Specialist – the art of cross-selling

Many QS firms tell us that they wished their clients had a greater understanding of what they do. But they feel that promoting their additional skills and expertise could be viewed as ‘pushy’ and jeopardise great relationships. Cross selling can indeed come across as such, but only when it is handled badly. But when done well, it can bring immense value to both client and firm.

So what is good and bad when it comes to motivating clients to buy more services?  The key to both outcomes is your intentions. If, at the heart of a cross-selling attempt, there is a desire simply to sell more services or ‘flog’ more products, then our self-interest will come across in all we do.

In contrast, when we have a client’s interests at its heart (for example, when we are looking to see what more can we do to help them achieve their business plans and goals), suddenly cross selling shifts in focus and benefits both parties.

This means changing our view of cross selling away from service lines and towards the challenges and opportunities our clients are facing. Many successful QS firms are becoming more proactive with their client review meetings and other points of contact with clients.  They use activities such as:

  • Inviting clients to talk to fee earners
  • Attending clients’ industry conferences
  • Attending clients’ own meetings / conferences
  • Reading clients’ trade press
  • Investing non-chargeable time in building the relationship and adding value to listen and learn more about the client’s current situation, its plans for the future and challenges on the horizon.

Successful cross selling is largely achieved through dialogue with a client – often it provides the most timely and targeted way of introducing the suggestion of additional support.  However, some firms also keep clients aware of their capabilities by sending out targeted communications with an overview of relevant projects or deals they’ve completed. They also use copies of any press coverage, which address alternative areas of their expertise, and they run seminars on particular issues affecting their clients (to which they invite other experts from the firm to present the solutions).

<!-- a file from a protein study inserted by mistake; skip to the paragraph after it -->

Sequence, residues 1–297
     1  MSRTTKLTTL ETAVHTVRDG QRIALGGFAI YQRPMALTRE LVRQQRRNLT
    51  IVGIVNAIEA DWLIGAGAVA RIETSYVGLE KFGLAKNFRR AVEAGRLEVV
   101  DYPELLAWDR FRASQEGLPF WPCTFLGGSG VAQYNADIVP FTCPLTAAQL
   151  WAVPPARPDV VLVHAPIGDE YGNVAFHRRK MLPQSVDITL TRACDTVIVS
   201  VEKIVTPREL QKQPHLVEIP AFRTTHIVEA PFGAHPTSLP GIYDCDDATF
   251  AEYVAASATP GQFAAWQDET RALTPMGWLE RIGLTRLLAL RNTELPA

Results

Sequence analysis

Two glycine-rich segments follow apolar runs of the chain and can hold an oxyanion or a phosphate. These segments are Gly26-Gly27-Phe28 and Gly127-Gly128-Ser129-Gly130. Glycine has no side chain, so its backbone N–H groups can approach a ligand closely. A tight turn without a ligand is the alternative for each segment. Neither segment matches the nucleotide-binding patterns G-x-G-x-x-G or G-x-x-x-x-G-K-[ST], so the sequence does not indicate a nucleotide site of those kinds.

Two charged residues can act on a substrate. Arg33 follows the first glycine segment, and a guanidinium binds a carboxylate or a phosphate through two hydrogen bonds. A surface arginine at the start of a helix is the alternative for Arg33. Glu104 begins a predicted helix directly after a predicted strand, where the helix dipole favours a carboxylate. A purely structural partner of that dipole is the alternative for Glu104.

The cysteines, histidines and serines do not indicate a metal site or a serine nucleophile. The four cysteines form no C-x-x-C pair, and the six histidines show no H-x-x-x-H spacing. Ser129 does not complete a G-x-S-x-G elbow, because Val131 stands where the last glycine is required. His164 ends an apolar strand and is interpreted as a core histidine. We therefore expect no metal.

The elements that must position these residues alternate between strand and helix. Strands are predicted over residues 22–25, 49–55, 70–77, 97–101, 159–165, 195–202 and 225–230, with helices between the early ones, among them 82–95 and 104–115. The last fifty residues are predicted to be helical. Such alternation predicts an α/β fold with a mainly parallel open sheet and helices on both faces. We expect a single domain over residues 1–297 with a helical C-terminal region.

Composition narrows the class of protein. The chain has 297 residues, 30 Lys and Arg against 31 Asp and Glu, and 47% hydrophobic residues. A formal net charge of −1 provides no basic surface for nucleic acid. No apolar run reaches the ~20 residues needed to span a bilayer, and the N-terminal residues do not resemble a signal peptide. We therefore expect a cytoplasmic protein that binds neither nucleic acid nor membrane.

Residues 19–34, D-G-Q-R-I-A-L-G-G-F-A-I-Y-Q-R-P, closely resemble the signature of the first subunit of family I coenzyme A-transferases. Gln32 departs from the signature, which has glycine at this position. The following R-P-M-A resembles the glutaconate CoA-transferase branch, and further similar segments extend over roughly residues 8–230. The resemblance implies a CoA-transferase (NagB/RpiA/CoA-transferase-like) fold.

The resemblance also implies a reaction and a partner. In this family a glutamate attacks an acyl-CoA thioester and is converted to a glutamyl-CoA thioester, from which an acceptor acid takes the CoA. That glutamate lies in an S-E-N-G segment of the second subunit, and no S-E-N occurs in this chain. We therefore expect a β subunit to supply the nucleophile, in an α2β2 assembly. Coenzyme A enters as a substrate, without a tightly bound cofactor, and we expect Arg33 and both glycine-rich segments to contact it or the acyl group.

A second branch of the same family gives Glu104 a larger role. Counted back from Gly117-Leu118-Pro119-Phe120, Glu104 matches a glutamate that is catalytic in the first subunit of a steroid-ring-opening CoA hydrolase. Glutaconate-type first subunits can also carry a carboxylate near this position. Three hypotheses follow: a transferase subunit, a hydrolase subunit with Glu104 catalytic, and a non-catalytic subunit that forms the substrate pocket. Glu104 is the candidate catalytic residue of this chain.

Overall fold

It is important to re-iterate that any communication made with the client should be for the purpose of expanding their knowledge of what we do in relation to a particular challenge or opportunity they face. We should resist sending anything that could be seen by them as irrelevant.

But knowledge of the client’s world, and expanding their understanding of ours, is only a part of good cross selling. To be able to offer more valuable solutions to clients, a QS team needs to be fully up to date with the different capabilities and expertise their own firm has to offer.  This is often more difficult than it sounds. As firms become more successful and bigger in size, communication between different departments fragments. Fee-earners knowledge becomes limited.